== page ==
BOLTON, Mass. - Boston Bruins forward Marc Savard will get his name on the Stanley Cup after all.
General manager Peter Chiarelli said Monday at the team's charity golf tournament that Savard's name will be inscribed on the trophy with his teammates. Savard played in only 25 games last season because of post-concussion syndrome and missed the entire playoffs as the Bruins won their first NHL title since 1972.
According to the guidelines posted on the NHL website, to get on the Cup a player must play at least 41 games in the regular season or one in the Stanley Cup finals. In 1994, the league added a clause that would allow a team to petition the commissioner for permission to have other players listed in extenuating circumstances.
Chiarelli said the request had been granted.
That's the good news for Savard, who did not play after a Jan. 22 hit from Colorado's Matt Hunwick—Savard's second concussion in 10 months. Chiarelli said Savard will not play this season, either.
"He's not in a good spot still. He still has recurring headaches; he still has post-concussion stuff," Chiarelli said. "He's not playing this year. Frankly, I don't think he'll play again. That's my opinion, my layperson's opinion."
His teammate said they will miss his scoring touch—he averaged 90 points in the four seasons before he missed large chunks of time with the injuries—and his presence in the locker room.
"It's tough to hear, obviously," Bruins forward Patrice Bergeron said. "He's one of your friends and you want him to do well and come back at 100 per cent. I'm happy they're doing that, not risking his health. That said, it's sad to see."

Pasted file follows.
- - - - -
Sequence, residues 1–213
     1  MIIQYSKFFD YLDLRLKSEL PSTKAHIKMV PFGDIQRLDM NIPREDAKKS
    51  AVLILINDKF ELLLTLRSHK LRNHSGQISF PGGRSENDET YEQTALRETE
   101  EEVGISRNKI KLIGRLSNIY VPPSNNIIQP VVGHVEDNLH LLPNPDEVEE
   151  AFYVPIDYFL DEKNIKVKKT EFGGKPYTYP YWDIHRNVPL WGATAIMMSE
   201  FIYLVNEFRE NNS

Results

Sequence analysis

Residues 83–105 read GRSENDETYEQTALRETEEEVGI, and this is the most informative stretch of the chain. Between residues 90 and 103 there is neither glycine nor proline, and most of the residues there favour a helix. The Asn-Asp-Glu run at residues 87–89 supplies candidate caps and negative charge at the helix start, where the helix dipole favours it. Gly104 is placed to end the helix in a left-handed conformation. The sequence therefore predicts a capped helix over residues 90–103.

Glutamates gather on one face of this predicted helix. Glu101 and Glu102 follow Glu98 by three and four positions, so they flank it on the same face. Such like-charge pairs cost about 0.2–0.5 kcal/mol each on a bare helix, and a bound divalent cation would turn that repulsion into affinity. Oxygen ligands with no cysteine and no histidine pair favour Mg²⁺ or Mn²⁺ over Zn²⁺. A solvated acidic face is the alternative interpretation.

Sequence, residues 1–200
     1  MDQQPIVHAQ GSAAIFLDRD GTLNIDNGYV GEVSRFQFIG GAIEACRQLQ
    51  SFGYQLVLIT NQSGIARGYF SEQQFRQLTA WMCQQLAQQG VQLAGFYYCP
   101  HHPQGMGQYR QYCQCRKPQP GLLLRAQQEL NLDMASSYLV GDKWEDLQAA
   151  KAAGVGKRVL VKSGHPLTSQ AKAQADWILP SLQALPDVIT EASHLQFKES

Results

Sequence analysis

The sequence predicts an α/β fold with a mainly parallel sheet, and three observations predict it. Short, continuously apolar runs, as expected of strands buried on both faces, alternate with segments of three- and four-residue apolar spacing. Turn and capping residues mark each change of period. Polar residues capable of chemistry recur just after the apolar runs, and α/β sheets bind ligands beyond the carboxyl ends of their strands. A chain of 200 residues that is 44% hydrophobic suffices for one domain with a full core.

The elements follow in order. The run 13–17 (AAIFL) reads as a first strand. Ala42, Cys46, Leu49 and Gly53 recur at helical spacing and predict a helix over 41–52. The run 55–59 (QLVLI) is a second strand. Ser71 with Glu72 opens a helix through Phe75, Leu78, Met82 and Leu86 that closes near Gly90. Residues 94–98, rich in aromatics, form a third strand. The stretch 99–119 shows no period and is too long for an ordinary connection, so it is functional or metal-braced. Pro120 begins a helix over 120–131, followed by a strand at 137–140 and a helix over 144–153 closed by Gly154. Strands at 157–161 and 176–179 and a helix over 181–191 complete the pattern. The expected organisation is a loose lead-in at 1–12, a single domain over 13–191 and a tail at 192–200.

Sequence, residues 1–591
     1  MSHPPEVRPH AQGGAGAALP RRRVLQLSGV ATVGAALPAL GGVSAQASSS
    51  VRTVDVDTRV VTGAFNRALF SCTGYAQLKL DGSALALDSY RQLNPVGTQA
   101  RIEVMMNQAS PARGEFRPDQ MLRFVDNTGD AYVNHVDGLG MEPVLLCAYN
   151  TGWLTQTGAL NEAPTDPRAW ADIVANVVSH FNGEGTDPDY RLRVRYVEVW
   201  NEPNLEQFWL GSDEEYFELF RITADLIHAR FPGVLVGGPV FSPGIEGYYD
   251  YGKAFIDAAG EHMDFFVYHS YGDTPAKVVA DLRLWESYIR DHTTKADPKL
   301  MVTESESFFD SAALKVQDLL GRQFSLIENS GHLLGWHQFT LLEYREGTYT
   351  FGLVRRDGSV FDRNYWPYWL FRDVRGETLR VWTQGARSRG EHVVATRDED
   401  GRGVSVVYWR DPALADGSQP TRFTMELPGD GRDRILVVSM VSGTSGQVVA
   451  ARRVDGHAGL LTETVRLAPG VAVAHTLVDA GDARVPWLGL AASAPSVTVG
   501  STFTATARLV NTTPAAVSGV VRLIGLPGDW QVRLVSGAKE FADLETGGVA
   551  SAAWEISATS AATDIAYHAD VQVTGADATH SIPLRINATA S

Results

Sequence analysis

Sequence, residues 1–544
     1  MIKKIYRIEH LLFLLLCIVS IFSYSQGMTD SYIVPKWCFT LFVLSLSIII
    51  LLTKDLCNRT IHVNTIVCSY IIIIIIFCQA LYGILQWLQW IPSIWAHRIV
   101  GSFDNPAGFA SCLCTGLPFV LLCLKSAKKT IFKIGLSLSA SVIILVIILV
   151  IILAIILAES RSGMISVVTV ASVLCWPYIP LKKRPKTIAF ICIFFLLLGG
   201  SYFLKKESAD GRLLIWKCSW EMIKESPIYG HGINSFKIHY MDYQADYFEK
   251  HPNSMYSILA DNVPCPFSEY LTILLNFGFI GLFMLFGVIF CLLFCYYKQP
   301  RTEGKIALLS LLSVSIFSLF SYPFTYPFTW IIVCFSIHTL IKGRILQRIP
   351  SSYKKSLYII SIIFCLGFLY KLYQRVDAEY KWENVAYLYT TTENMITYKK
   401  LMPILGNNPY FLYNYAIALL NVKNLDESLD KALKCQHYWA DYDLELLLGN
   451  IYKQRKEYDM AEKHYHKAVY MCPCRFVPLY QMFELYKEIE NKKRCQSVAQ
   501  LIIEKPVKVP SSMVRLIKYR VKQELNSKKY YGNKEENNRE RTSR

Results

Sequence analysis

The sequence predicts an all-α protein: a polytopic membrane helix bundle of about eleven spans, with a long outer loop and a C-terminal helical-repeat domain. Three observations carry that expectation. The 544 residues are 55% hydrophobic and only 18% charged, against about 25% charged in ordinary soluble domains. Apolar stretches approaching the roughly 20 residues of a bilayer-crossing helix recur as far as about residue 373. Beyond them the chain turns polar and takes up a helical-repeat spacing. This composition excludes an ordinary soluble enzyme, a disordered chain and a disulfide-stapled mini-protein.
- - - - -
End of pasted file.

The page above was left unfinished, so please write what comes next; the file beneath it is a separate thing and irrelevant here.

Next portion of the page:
The Bruins had better news on forward Nathan Horton, who was knocked out of the Stanley Cup finals against Vancouver with a bone-jarring—and late—hit from Canucks defenceman Aaron Rome in Game 3. Rome was suspended for the rest of the series.
Horton, who did not play again, made an emotional return to the TD Garden in street clothes in Game 6, drawing cheers from the crowd. As his teammates knocked their sticks against the boards, fans chanted his name and waved signs encouraging the Bruins to "Win it for Horton."
"I feel good," he told reporters at the golf tournament. "I just started skating, so it hasn't been that long on the ice. But I've been working out for a long time."
Horton, who was second on the team with 26 goals in the regular season, scored the goals that clinched two seven-game series this post-season—in the first round against the Montreal Canadiens and in the third against the Tampa Bay Lightning. He had said he has not watched replays of the hit since he was in the hospital.
"I get asked a lot how I'm doing and that's nice," he said. "But I don't watch it."
The Bruins open training camp on Friday, completing the shortest summer in franchise history. Players spent the summer celebrating their championship and hosting the Stanley Cup in their hometowns.
Defenceman Johnny Boychuk said he brought the Cup to Children's Hospital in Edmonton, and to his parents' house. Although he was used to being recognized in Boston, he said, he was also stopped on the street in Edmonton, and by the manager at the local grocery store there.
"You want to kind of keep the party going," forward Milan Lucic said. "But there is a time that you need to come back and start focusing on next season. obviously, that point is now."
At a "State of the Bruins" town hall with season ticket-holders on Monday night, owner Jeremy Jacobs said there's no reason the team can't repeat.
"A person once said, 'Winning isn't everything.' I don't think that person every lifted that Cup," owner Jeremy Jacobs told the crowd at the TD Garden. "Everybody loved this year. It was spectacular. And hopefully we're able to deliver on it. We've got the same team, the same organization. They know what it takes to win now."
AP freelancer Matt Kalman contributed to this story from Boston.
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